Wednesday, December 26, 2012

At the wicket with Anna Peterson

Teapots - this?
Anna Peterson is living the dream – a lifestyle many of us imagined as young children hitting a taped-up tennis ball in the backyard. She may not be the Malcolm Marshall or Martin Crowe figures we had “dibs” on as we wiled away long into the summer sun, but she lives and breathes cricket – at work, play and recreation.

To have debuted wearing the hallowed silver fern of your country would suffice for most, but “Wolfy” is working hard to add to her international caps. She is carving out a strong record for herself as part of the Northern Spirit, juggling her time between a congested domestic season and her operational role with Waikato Valley Cricket. Anna has also found time to edit a magazine for her association – spreading the word on our great game in her local community.
Or this?

Anna talks to a cricketing Buddha about what she needs to do to regain her spot in the White Ferns, her work with young girls wanting to give cricket a go, and ascension of a woman to the coach’s job (that plug should help with the first point…) . She also enlightens us about her love of teapots - there’s far more to the young Hamiltonian than just cricket.


A cricketing Buddha: You made your New Zealand debut in the series against England earlier this year – we hear all the clichés, though most of us will never live them, but how emotional was it when you were awarded your black cap?
Anna Peterson: I was awarded my cap in the changing rooms before the game against England and to be honest, I was more excited to be playing than emotional.

ACB: Is your cap presented like it is for the men at test level, with a great of the game involved to make it a special moment? Who presented yours?
AP: I was awarded mine by Suzie Bates, who in my opinion is a great of the women's game. I didn't actually realise that you got presented a cap so I was just sitting there listening to all this stuff being said about me thinking “oh, this is nice - where did she find that out from”, then clicked what was happening. I was obviously very focussed on the game ahead!

ACB: After getting a start in three ODIs against England, did missing out on the World T20 in Sri Lanka throw your confidence? 
AP: No, not really. The players that went deserved to go, they had performed domestically and internationally for a few years, so now I have to do the same. I know there are steps that need to be taken to get to the top and I need to take it one step at a time.

ACB: Your team mates call you “Wolfy” - did you torment Scott Styris or is there another reason?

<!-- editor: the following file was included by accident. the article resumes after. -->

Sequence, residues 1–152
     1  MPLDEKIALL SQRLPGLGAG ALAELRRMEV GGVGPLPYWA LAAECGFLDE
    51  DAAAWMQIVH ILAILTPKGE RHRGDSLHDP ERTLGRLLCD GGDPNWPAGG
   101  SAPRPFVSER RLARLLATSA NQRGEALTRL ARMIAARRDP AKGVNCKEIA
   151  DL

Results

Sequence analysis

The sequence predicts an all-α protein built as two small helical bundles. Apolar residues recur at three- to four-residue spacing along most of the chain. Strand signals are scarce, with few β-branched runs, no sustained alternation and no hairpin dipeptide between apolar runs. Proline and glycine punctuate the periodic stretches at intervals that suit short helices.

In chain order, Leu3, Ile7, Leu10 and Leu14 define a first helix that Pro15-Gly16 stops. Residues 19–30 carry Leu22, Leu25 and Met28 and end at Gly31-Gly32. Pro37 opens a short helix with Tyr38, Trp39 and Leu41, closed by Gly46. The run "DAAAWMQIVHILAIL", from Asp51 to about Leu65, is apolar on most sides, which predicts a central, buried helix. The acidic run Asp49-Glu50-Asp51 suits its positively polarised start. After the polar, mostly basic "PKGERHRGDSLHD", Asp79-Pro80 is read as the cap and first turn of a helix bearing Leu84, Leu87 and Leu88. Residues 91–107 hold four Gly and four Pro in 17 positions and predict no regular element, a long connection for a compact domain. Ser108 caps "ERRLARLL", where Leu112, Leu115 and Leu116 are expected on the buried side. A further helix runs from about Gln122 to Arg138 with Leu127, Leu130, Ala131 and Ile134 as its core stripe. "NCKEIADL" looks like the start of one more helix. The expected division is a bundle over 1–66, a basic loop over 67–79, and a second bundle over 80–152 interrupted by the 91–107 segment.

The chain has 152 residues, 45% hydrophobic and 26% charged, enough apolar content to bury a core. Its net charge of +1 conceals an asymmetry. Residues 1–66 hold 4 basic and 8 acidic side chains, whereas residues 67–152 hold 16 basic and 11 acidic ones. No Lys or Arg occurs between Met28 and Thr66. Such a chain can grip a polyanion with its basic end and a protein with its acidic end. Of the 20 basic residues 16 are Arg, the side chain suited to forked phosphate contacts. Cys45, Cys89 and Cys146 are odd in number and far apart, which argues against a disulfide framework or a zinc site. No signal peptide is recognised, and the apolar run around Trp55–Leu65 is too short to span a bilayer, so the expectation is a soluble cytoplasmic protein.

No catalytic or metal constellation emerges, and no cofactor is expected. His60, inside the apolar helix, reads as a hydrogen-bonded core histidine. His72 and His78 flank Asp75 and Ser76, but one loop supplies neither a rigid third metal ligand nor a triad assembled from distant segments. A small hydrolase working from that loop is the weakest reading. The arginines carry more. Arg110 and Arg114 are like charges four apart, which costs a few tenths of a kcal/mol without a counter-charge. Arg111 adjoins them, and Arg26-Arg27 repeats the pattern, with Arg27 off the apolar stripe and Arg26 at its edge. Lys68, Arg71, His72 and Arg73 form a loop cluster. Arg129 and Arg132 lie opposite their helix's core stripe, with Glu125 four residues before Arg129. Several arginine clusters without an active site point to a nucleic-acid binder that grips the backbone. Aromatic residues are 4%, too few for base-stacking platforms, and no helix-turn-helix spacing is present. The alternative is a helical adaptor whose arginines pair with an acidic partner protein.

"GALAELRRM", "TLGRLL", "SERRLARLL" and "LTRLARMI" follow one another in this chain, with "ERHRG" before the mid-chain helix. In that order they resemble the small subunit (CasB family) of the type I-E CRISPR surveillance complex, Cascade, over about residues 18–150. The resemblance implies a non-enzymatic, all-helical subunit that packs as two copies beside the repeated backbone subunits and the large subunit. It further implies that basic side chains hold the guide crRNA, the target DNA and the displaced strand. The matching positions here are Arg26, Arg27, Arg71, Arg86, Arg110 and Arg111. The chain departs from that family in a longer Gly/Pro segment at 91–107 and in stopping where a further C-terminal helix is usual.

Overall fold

AP: Ha! No, it's simply a nickname I got from my first Development tournament when Nic (Browne) was manager. She got us to play a game called werewolves and villagers and I was a very, very good werewolf. My other nickname is “teapot”, because I collect teapots - not even joking!

ACB: It has to be pleasing to open the season with 5/24 (best figures by a Northern player against Canterbury) – has it given you the confidence to push on with your all-round game?
AP: Most definitely! Bowling will always come second to batting but I love contributing with the ball. Just keep bowling full and straight - grip and rip!

ACB: You work in an administrative role with Waikato Valley Cricket, including editing a fine online magazine - tell us a bit more about what the role entails, the magazine, and how being employed within the game benefits your cricket?
AP: I basically run the day to day operations of the association - I do everything except run the cricket (though I have an input into that too). The magazine came about reading others online and thinking it would be a great marketing and promotional tool for WVCA. And it is - we've had over 350 people read it from all over the world. I wanted it to make Waikato Valley Cricket a community again.

It's great working for WVCA, it's made me appreciate all the people behind cricket so much more – a lot of hard work goes into a game of cricket. Plus it’s great for when I go away for cricket, they're very good with time off.

ACB: Now you’ve had a taste of the international game, what do you need to do to force your way into the White Ferns on a permanent basis?
AP: Pretty simple, get lots and lots of runs - easy peasy.

ACB: Cricket isn’t a clear choice for girls in New Zealand - what got you into our great game?
AP: Dad. Both my brother and I were about two or three when he made us our first cricket bats. When I was five my brother started playing club cricket for the Takapuna Orange Stars - I had to give it a go, so I played for the Red Stars. We both got “Player of the Year” for our respective teams and Danny Morrison presented the medals.